“Ralph has been an artistic hero of mine since I was in art college,” said Paul. “To be allowed access into the world of someone like Ralph obviously was such an engaging thing for another artist to make a film about. Ralph is constantly surprising so there was never a time when I thought I’m running out of subject here. When things got dry, we’d turn ten degrees and suddenly a whole new world is there.”
I’ll be doing more posts on “For No Good Reason,” but for now check out this following clip as Charlie Paul discusses how having tons of footage on Steadman lead to his crafting an “honest” and “open” documentary (producer Lucy Paul is also heard in the clip):
“For No Good Reason,” which also features interviews with director Terry Gilliam, Jann Wenner, and actor Richard E. Grant, opens in New York on April 25 and the following week in Los Angeles.
Even though she’s one of the world’s top supermodels, Kate Upton must have felt a twinge of intimidation after landing a co-starring role in “The Other Woman.” With Cameron Diaz and Leslie Mann leading the way, Upton had to show she could bring something valuable to the table.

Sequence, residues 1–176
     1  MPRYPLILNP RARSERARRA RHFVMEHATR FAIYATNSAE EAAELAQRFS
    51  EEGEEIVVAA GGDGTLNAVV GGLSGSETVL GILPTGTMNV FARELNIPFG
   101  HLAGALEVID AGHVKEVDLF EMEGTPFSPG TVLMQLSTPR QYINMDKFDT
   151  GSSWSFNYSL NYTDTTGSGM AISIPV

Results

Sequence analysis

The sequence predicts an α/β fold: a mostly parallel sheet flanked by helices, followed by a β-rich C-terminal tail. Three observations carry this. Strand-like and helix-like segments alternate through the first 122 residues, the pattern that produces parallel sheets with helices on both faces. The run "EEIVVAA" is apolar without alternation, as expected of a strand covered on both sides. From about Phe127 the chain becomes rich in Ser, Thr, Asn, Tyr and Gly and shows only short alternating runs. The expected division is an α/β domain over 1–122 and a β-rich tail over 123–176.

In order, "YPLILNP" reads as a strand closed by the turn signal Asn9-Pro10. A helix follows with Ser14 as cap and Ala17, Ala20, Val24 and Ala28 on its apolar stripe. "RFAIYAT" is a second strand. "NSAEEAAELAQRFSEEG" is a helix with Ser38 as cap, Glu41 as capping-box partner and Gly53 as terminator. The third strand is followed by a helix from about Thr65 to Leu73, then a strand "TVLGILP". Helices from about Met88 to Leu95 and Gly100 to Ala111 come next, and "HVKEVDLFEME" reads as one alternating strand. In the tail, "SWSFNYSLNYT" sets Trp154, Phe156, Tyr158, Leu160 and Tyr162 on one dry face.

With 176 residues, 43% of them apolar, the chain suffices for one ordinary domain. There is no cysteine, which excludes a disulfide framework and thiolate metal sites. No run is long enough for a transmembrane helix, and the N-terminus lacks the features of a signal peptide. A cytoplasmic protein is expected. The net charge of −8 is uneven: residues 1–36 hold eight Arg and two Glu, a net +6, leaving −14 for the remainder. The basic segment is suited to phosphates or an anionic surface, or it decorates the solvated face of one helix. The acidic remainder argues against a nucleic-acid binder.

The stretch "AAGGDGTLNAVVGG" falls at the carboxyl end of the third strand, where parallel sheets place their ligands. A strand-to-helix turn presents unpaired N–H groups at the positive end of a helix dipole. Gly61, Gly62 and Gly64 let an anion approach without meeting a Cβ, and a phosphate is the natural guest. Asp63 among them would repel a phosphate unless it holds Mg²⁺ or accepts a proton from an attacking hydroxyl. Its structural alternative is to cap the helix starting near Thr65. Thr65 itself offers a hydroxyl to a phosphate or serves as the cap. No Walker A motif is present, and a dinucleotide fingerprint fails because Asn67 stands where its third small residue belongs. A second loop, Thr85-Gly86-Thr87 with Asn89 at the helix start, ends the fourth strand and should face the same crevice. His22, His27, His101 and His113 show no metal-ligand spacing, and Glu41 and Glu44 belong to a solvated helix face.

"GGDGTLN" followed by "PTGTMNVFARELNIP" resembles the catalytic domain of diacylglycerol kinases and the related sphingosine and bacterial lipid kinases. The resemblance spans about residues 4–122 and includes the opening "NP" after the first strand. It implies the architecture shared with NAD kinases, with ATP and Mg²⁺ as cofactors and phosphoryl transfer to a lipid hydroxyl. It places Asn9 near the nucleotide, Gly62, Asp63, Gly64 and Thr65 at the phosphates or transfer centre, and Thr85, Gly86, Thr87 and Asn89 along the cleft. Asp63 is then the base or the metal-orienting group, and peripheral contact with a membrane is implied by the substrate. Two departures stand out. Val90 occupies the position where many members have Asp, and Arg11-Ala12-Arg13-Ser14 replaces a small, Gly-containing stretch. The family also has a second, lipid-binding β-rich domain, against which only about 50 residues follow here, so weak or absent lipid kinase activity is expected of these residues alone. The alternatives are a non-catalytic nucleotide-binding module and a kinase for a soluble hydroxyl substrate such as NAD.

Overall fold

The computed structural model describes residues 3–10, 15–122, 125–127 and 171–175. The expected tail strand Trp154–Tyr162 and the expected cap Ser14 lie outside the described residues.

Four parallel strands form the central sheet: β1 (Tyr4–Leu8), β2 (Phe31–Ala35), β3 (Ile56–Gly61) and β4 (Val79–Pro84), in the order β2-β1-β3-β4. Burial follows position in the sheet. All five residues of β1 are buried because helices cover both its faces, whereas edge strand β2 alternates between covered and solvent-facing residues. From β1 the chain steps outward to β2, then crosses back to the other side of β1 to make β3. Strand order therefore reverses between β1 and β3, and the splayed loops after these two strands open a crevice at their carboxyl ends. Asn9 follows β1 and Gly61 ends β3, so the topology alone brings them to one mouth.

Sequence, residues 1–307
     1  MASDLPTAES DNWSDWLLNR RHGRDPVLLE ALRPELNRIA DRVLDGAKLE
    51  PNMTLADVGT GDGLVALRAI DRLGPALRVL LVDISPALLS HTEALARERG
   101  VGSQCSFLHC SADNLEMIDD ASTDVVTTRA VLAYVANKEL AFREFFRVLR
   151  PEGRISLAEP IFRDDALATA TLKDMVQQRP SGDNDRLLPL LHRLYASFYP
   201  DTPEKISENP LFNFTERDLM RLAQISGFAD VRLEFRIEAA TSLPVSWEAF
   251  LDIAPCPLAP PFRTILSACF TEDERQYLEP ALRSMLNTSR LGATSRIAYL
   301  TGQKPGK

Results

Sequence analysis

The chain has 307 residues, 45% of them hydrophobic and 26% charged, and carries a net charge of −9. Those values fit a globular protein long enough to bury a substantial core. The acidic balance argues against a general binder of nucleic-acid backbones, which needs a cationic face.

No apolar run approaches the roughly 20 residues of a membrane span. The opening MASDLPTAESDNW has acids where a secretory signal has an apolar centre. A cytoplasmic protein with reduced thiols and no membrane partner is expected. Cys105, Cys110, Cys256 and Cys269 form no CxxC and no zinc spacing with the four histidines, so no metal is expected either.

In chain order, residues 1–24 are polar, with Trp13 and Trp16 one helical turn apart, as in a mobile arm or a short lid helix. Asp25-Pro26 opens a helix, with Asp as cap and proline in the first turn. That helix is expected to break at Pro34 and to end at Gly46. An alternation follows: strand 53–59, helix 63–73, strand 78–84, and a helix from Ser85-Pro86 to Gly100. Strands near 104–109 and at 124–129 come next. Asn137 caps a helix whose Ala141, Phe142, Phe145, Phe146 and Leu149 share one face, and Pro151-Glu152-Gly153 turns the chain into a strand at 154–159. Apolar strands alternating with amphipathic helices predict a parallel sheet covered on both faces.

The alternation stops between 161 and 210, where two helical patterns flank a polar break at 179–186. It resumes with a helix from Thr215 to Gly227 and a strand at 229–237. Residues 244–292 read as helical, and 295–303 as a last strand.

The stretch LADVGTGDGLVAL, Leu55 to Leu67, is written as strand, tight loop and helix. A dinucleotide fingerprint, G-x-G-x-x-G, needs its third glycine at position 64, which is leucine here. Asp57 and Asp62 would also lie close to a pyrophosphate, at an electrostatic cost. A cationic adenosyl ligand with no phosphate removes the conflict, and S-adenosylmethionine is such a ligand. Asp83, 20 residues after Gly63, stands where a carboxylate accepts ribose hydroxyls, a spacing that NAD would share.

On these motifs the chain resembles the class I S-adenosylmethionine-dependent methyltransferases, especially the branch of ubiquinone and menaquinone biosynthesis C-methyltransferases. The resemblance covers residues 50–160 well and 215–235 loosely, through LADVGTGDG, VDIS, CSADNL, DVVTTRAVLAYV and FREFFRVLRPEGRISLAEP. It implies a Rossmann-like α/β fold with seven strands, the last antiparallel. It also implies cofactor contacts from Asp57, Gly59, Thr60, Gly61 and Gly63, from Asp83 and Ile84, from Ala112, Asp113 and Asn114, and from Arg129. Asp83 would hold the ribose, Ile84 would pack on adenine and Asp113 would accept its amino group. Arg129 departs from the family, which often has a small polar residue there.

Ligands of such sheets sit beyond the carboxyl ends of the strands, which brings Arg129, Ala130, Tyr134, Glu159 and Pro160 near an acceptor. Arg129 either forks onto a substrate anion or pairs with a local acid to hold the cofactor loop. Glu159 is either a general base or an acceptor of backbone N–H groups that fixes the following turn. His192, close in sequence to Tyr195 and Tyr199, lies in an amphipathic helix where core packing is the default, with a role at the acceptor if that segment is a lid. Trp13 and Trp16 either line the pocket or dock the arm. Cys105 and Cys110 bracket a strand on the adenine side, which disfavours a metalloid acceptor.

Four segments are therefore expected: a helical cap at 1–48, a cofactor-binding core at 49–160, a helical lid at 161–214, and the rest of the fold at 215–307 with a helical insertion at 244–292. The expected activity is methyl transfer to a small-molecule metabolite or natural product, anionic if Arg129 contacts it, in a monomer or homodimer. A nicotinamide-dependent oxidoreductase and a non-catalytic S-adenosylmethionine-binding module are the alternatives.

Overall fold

I watched the film several weeks ago, and one of the comedy’s greatest assets rests in the chemistry among the three actresses, as they play women who have all been cheated by an all too charming philanderer (“Game of Thrones” star Nikolaj Coster-Waldau). Upton stars as a kind, nubile, and slightly spacey beauty who is the cheater’s latest girlfriend, with Mann chiming in as the cuckolded wife and Diaz playing an ex-mistress.
Upton’s most difficult scene was a beach scene which featured her in a sexy white bikini. “It was so amazing,” said Upton. “I’m so lucky. I didn’t know what to expect when I first came on set, and they opened their arms to me and made me feel really comfortable instantly.”